4.2 Point cloud cleaning
Real-world point clouds often contain large amounts of outlier points, often due to outside areas scanned through openings. In order to prune outlier points early in the process, we employ a simple but very effective ray casting approach similar to Ochmann et al. (2016). From each point , stochastically sampled rays , , are cast into the hemisphere oriented into the direction of the normal at point . Ray casting is performed against the occupancy bitmaps of the previously detected primitives. Let be a hit function which is if some surface was hit, and otherwise. We approximate the probability that lies inside of the building as If is below a given threshold (in our experiments ), is removed from the point cloud and the occupancy bitmaps of the planes are updated. This process is iterated a small number of times.
4.3 Point cloud labeling
Priors for the locations of rooms and outside area in three-dimensional space are vital for the later optimization step, even if they are coarse estimations. We formulate the estimation of priors as a point cloud labeling problem where each label represents either a room, or the outside area.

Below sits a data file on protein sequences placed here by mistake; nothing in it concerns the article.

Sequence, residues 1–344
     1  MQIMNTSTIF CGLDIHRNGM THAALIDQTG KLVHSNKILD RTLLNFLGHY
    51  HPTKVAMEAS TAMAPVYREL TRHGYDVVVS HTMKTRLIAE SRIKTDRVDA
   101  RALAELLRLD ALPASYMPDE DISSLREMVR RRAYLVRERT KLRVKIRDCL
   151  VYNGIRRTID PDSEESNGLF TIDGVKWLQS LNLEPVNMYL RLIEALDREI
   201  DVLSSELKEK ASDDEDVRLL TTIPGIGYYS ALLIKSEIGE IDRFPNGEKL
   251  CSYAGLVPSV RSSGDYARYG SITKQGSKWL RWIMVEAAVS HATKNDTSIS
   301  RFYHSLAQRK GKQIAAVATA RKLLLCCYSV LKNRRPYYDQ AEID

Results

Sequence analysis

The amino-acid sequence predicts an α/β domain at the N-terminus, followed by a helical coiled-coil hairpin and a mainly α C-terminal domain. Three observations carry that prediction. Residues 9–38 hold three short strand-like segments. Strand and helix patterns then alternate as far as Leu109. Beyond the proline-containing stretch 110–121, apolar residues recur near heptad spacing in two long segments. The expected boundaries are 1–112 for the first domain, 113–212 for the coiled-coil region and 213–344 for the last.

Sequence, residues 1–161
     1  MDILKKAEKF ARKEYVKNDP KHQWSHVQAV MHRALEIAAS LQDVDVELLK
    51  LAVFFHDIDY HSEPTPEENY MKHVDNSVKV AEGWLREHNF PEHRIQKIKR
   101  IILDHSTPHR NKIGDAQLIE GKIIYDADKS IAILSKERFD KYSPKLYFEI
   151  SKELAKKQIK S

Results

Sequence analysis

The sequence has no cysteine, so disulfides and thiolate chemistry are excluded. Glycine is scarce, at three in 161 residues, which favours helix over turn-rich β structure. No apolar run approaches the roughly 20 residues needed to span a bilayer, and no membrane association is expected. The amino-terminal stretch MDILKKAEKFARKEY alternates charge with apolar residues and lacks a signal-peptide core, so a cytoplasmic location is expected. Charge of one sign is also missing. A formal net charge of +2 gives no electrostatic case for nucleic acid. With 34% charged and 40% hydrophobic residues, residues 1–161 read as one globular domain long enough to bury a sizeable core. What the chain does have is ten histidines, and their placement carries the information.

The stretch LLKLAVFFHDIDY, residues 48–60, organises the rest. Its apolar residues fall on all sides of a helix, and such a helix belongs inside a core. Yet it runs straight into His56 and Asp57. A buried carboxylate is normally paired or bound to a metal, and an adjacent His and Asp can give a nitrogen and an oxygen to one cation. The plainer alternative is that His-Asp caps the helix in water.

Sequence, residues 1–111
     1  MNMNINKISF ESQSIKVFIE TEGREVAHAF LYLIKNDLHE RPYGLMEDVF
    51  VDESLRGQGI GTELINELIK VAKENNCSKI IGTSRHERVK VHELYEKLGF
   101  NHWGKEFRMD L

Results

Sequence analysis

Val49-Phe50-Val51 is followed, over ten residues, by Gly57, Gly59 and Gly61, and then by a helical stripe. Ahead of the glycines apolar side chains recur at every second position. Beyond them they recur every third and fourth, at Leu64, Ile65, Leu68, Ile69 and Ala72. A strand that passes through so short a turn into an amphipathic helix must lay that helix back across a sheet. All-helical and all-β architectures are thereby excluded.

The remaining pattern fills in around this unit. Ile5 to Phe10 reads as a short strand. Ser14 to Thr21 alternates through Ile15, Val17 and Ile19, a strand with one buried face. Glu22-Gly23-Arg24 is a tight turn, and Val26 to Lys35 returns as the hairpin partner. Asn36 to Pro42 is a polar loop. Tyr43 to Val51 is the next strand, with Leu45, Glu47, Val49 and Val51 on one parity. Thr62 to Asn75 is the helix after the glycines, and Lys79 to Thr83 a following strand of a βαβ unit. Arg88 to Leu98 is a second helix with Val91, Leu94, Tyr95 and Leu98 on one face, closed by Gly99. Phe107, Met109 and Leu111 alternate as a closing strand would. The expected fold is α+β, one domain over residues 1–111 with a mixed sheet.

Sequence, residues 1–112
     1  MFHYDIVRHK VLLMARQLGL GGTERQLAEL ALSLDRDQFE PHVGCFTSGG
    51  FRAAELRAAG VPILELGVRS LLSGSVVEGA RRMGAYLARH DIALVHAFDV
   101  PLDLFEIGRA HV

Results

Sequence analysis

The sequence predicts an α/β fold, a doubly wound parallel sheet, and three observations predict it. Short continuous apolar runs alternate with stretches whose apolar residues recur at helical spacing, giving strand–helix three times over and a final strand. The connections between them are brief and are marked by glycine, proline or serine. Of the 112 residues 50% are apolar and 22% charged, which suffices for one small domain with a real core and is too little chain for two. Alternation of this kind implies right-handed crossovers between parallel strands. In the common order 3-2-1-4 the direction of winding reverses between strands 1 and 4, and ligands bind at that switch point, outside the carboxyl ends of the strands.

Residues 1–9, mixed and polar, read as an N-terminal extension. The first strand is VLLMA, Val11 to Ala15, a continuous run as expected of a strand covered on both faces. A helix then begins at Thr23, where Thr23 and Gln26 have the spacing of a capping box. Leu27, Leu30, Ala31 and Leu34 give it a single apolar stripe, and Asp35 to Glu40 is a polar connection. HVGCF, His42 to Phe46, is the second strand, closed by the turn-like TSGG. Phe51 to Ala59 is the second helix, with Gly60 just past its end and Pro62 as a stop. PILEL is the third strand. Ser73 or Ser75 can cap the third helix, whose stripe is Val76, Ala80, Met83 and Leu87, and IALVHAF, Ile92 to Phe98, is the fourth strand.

Our proposed automatic labeling approach is based on the idea that regions of the point cloud with high mutual visibility form clusters which correspond to rooms of the building. We implement this by performing visibility tests by means of ray casting between point patches on detected surfaces which yields a visibility graph. Nodes of this graph are then clustered by means of the Markov Clustering algorithm Dongen (2000) which determines natural clusters within the graph by flow simulation.
Point patches are constructed by generating coarse occupancy bitmaps for each plane and considering each occupied pixel as a patch with a normal identical to the respective plane normal. In our experiments, a patch size of was used. We use patches instead of all points to drastically reduce the number of nodes in the visibility graph which makes the computation feasible. Let be the -th patch with center position and normal . For each pair , , , ray casting between the points and , with in our experiments, is performed. If no surface is hit, the visibility between , is set to , otherwise it is set to . This yields a visibility graph whose nodes are clustered using the Markov Clustering algorithm. The computed visibility is interpreted as flow between node pairs corresponding to the respective point patches. The main advantage of this method is that it is unsupervised and thus does not require a manual specification of the number of occurring labels.